The City of Ann Arbor has restored the exterior of the building with little change. A weather vane, typical for fire houses in the 19th century, has been added to the tower. The interior has been rehabilitated in two stages to house the museum exhibits. The old firehouse kitchen was converted to a "discovery room" and a greenhouse has been added on the west side.

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Photos used to illustrate Historic Buildings, Ann Arbor, Michigan / by Marjorie Reade and Susan Wineberg.



Kellogg-Warden House, 1835-1839


Kellogg-Warden House, 1835-1839

500 North Main Street

Kellogg-Warden House, 1835-1839
Museum on Main Street

The building that now houses the Washtenaw County Historical Society's Museum on Main Street (MOMs) was once a private residence on Wall Street, in the section of Ann Arbor across the Huron River known as "Lower Town." It is a rare survivor of the first decades of life in Ann Arbor.

The house exhibits interesting construction features that disappeared from use shortly after the 1830s including the accordion or split lathe backing for the plaster walls, very wide plank floors, and brick "nogging" in the walls???_an early form of insulation. Fancy detailing on the exterior includes the front entrance, which is a complex unit of sidelights and transom, and the returns on the side gables. Channel and corner block trim grace the front parlor and the beautiful curving staircase in the front hallway is reminiscent of New England. A small ivory knob on top of the newel post, called an "amity button" or "mortgage button," was an indication that the house was free and clear of debt.

The house was built by members of the Kellogg and Ethan Warden families (Warden's wife was a Kellogg), pioneers from Cayuga County, New York. The house was constructed in various stages in the 1830s, the last being in 1839 when the patriarch of the family, the Honorable Charles Kellogg, moved to Ann Arbor. The Kelloggs had been millers and merchants in New York and ran similar businesses here.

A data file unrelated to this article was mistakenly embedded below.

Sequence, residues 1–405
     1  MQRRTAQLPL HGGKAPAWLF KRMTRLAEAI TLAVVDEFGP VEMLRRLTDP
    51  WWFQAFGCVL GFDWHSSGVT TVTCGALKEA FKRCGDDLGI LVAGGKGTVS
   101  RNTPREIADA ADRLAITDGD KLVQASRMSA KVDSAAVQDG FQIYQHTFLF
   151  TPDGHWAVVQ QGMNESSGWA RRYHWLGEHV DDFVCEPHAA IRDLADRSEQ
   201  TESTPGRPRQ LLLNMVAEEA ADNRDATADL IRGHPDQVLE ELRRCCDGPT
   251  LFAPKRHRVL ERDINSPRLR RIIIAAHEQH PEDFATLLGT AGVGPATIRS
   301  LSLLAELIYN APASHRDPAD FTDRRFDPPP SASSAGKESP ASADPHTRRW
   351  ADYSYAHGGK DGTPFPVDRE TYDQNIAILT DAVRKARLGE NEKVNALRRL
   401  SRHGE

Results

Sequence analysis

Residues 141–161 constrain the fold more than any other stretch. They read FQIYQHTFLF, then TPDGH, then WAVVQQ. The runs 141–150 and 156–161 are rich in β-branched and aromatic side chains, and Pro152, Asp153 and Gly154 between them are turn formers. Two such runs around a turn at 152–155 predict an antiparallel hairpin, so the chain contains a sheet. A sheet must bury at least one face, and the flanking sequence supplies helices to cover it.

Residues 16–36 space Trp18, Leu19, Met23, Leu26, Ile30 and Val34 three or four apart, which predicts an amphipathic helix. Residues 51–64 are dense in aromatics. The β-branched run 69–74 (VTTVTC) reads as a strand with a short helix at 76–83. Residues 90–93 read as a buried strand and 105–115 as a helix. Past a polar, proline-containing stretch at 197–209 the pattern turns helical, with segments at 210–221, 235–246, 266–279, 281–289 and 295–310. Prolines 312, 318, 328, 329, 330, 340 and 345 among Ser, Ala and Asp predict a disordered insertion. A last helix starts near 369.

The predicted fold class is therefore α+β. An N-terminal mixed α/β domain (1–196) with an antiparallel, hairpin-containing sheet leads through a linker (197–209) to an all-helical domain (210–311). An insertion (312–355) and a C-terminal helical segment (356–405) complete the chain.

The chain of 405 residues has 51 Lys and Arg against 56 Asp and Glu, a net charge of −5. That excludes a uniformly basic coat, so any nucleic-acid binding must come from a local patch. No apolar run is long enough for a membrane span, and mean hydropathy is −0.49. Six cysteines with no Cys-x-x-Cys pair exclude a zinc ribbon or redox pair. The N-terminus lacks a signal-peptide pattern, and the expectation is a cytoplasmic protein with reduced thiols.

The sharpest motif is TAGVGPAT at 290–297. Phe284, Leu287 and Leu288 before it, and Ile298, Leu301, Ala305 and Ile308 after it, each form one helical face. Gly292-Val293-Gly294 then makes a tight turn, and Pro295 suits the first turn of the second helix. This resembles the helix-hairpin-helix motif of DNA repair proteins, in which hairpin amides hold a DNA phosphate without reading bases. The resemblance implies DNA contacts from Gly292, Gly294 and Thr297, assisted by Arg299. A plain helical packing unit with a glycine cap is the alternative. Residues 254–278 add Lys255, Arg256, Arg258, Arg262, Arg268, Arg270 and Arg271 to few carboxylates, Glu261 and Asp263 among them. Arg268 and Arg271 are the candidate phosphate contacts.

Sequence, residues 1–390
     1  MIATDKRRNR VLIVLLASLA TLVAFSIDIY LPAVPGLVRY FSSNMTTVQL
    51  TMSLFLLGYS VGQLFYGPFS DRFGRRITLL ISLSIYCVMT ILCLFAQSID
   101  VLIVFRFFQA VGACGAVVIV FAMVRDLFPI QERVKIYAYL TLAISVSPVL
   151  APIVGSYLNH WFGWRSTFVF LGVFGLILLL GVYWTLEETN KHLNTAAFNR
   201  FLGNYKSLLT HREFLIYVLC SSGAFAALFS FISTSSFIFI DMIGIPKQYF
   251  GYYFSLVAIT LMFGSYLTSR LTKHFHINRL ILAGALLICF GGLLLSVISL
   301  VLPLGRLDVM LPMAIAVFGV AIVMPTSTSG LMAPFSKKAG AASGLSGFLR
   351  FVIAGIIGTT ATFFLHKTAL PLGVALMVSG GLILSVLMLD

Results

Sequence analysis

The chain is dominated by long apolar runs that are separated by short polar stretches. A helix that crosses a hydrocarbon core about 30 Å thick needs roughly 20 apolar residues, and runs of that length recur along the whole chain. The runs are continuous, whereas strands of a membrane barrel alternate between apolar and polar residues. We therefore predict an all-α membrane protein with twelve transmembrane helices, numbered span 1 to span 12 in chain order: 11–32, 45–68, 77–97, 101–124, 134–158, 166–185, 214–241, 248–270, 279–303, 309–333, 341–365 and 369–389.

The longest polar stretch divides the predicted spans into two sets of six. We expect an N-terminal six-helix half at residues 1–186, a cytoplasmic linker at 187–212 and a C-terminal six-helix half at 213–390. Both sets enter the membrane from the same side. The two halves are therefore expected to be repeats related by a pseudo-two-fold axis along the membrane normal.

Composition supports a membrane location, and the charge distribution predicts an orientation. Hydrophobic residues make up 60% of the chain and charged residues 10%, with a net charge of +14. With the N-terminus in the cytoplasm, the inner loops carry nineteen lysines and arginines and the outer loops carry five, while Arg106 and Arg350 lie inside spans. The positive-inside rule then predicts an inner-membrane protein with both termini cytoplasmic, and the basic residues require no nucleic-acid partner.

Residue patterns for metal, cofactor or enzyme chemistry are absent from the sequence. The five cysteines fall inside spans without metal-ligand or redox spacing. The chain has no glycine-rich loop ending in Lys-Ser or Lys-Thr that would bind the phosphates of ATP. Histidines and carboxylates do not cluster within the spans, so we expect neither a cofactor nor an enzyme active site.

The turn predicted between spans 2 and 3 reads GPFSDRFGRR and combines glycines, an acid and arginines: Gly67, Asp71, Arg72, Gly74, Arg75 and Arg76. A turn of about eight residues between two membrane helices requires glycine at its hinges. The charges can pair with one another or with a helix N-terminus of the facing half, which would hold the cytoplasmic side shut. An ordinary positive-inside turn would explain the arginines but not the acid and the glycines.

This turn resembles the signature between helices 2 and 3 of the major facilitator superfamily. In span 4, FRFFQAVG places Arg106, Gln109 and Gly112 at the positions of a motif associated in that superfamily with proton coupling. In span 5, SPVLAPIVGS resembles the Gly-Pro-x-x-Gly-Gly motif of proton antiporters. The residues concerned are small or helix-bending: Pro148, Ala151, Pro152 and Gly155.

The Kelloggs did not "strike it rich" and only one member of the family remained in Ann Arbor (the others either died here or went back to New York). The house stood empty after Charles' death in 1843 until the Ruthruff family purchased it in 1853 and occupied it for three decades. In the 1890s it became the property of Charles Greiner, a gardener, whose descendants remained in the house for nearly a century. In 1989 the Washtenaw County Historical Society intervened to save the house from demolition, and moved it to its present site. The City of Ann Arbor provided the land for the new location while the University of Michigan donated the building and some funds for moving it.

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Photos used to illustrate Historic Buildings, Ann Arbor, Michigan / by Marjorie Reade and Susan Wineberg.



Argoflex Seventy-Five (75) Cameras in an Argus Museum Exhibit


Argoflex Seventy-Five (75) Cameras in an Argus Museum Exhibit

Argoflex Seventy-Five (75) cameras

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Ann Arbor District Library



Argus C3 rangefinder camera in an Argus Museum Exhibit


Argus C3 rangefinder camera in an Argus Museum Exhibit

Argus C3 rangefinder camera

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Ann Arbor District Library



Argus a-four (A4) camera in an Argus Museum Exhibit


Argus a-four (A4) camera in an Argus Museum Exhibit

Argus a-four (A4) camera

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Ann Arbor District Library



Argus A-series Camera with Ilex Precise Shutter in an Argus Museum Exhibit


Argus A-series Camera with Ilex Precise Shutter in an Argus Museum Exhibit

Argus A- series camera with Ilex Precise Shutter

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Ann Arbor District Library



An Argus Camera in an Argus Museum Exhibit


An  Argus Camera in an Argus Museum Exhibit
Rights Held By: 
Ann Arbor District Library